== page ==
For years, I’ve been researching, writing, speaking, advising, and ranting about systemic problems in foreign-policy making, especially with regards to complex conflicts, stabilization and reconstruction, and international development.
Today, Melissa Gregg and I submitted the full draft of our joint monograph, “The Dual-System Problem in Complex Conflicts,” arguing that policy systems today are fundamentally unadapted to the complex environments we regularly need to engage around the world — because those policy systems themselves have become complex systems. The actions, plans, and resources that the policy system produces too often cannot be predicted from the recommendations and decisions that supposedly inspired them — complex systems do not always produce predictable results. Those of us who do policy research, advise policy makers, and make, plan, or implement policies have so far failed to notice this complexity or, having noticed, have failed to do anything useful about it.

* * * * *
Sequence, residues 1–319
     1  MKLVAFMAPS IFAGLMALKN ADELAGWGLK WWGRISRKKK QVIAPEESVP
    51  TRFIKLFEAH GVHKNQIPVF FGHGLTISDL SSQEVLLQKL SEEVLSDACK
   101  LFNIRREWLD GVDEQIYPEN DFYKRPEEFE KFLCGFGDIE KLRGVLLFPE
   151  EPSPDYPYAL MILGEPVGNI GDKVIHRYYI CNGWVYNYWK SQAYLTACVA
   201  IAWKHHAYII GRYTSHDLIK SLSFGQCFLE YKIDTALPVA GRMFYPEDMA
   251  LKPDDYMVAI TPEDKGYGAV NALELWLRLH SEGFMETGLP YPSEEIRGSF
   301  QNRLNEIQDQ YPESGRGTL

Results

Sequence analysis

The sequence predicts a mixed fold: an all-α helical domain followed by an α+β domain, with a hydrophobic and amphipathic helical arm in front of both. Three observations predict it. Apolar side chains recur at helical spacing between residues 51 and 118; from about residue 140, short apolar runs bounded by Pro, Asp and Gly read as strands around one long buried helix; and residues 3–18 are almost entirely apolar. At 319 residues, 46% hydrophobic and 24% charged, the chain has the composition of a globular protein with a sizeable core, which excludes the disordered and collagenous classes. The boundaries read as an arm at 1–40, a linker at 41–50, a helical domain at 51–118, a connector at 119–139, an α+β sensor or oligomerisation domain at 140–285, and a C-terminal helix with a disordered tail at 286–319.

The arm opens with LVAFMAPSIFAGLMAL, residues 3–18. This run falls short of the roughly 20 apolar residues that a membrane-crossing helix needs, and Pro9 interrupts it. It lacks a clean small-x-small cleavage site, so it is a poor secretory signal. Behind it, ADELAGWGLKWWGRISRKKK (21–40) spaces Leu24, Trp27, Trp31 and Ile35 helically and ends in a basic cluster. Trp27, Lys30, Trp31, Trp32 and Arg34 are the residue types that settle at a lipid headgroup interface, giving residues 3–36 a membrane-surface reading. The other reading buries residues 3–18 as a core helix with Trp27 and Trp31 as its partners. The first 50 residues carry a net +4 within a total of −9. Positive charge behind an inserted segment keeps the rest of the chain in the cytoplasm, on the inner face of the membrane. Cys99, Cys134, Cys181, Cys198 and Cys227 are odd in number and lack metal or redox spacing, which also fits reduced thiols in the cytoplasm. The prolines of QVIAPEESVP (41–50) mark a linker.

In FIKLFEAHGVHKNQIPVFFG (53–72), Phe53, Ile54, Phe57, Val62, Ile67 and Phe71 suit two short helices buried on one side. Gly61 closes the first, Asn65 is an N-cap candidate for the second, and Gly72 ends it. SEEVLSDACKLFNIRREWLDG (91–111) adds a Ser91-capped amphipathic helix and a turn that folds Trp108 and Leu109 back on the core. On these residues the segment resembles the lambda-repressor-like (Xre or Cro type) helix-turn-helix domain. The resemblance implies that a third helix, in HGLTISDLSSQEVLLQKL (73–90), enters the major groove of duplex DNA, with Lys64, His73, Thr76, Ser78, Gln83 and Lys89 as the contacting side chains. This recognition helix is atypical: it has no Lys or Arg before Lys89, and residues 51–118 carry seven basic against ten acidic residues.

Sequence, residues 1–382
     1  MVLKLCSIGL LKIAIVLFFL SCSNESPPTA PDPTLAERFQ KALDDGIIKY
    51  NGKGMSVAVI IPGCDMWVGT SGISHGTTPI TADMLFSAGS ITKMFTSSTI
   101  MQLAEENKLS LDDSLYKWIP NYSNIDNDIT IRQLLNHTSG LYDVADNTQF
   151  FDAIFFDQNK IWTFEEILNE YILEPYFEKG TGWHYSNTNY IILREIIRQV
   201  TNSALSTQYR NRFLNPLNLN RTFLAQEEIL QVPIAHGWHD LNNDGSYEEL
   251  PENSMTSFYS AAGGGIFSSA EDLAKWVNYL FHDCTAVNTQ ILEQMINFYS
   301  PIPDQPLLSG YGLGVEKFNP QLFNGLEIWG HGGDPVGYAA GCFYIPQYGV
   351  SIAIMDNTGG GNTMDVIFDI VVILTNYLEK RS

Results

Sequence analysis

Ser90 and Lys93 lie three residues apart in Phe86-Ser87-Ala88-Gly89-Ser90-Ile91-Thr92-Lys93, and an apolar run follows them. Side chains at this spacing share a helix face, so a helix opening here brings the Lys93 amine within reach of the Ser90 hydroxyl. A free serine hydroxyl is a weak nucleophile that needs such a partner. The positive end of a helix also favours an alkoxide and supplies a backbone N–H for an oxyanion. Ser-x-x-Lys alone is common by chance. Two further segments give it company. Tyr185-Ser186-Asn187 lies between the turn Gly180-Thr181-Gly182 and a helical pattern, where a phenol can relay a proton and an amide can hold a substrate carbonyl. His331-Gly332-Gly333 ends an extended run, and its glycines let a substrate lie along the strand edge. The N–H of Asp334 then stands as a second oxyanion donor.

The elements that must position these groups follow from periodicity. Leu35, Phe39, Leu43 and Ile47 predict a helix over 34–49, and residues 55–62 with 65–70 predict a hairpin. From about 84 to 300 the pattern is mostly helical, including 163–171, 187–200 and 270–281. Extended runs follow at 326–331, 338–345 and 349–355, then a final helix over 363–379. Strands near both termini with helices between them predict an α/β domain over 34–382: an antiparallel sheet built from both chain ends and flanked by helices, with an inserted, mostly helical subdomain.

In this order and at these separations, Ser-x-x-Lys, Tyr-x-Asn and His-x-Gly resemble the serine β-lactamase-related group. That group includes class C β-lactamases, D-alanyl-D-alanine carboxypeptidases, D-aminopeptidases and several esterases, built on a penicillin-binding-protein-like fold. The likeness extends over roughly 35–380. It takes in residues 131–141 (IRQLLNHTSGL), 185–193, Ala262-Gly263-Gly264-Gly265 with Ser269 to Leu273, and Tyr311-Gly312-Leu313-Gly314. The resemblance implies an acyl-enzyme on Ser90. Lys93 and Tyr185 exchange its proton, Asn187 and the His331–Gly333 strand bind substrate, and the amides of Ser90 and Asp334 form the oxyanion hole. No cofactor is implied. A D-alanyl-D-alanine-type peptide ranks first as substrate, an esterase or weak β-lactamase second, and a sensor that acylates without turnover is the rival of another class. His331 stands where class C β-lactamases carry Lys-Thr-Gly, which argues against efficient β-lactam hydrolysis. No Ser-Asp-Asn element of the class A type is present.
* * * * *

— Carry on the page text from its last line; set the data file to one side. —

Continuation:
We offer two cases of policy subsystems that are ineffective because their participants do not recognize they’re part of a larger complex policy system: (a) knowledge institutions incapable of institutionalizing lessons and (b) international legal institutions incapable of deterring or prosecuting atrocities and war crimes. And we offer a case — the Afghanistan spaghetti chart — in which policy advisers and implementers actually did consider system dynamics (implicitly or explicitly) in a complex conflict situation, but the policy system (perhaps ironically) resisted the adoption of systems thinking at scale.
The conclusions of our monograph are not hopeful, to be honest. But we do offer thoughts on what it would take to start getting those who make and implement policies in complex environments to begin a shift toward more entrepreneurial, experimental, and systemic ways of thinking and operating.